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Unformatted text preview: Chapter 4 Research Hypothesis- H 1 ; predicts a difference between populations; can be directional or non-directional ; μ 1 ≠μ 2 Null Hypothesis- H ; predicts no difference between populations; μ 1 =μ 2 Population Distribution- the amount of people in a certain area Type 1 Error- reject the null hypothesis, but the null hypothesis is true We say μ 1 ≠μ 2 , when actually μ 1 =μ 2 The chance of making a Type 1 error is the same as the level of significance of the test- .05 significance level 5% chance of making an error Alpha Error (α)- p<.05, α<.05 Type 2 Error- we accept the null hypothesis, when the null hypothesis should be rejected We say μ 1 =μ 2 , when actually μ 1 ≠μ 2 Beta Error (β)]- The more lenient the significance level, the smaller the chance for making a beta error Relationship Between Type 1 and Type 2 Error- • If you protect against Type 1 error, chance of Type 2 error increases • If you protect against Type 2 error, chance of Type 1 error increases Protecting against one, increases the chances of the other occuring Directional Hypothesis- when a clear direction is stated (“increase”, “higher”, “lower”); 1 tailed test; μ 1 >μ 2 or μ 1 <μ 2 Non- Directional Hypothesis- mixed theory, no direction prediction; 2 tailed; μ 1 ≠μ 2 Rationale for Hypothesis Testing- we want there to be differences between populations Conventional Levels of Significance- 5% (p<.05) & 1% (p<.01) Chapter 5 Population Distribution vs. Distribution of Means * Individual Scores * Means of groups of individual scores * Used when comparing...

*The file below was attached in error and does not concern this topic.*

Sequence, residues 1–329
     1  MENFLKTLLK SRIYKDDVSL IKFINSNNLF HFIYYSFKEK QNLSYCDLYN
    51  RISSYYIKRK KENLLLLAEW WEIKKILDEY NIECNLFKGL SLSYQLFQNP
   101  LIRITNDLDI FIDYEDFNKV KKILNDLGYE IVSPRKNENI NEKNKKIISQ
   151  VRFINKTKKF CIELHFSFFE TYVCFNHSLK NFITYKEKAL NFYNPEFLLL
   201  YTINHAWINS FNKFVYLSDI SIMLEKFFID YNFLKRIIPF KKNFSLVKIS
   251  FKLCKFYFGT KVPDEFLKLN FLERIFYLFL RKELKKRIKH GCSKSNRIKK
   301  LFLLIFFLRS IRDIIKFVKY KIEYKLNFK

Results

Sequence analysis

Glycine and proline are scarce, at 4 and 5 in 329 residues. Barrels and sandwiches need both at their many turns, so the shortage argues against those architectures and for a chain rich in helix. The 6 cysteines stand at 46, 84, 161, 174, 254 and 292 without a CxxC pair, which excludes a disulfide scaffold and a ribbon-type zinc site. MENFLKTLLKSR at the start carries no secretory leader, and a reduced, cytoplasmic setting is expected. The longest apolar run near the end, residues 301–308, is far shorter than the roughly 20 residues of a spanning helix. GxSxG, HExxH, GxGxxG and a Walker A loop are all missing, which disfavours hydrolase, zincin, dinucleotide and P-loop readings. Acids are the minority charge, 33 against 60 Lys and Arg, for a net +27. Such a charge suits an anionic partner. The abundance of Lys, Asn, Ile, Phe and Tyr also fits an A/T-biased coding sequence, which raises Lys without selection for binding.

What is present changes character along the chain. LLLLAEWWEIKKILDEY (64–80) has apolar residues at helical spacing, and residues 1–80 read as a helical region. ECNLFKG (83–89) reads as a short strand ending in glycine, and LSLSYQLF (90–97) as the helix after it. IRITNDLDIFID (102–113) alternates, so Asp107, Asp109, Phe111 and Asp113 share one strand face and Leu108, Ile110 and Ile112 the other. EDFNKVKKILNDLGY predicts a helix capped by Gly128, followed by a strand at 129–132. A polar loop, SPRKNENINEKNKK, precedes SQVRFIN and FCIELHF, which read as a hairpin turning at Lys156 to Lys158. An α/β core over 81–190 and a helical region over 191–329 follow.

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- Fall '07
- Statistics, Null hypothesis, Statistical hypothesis testing, Statistical significance, Statistical power, Effect size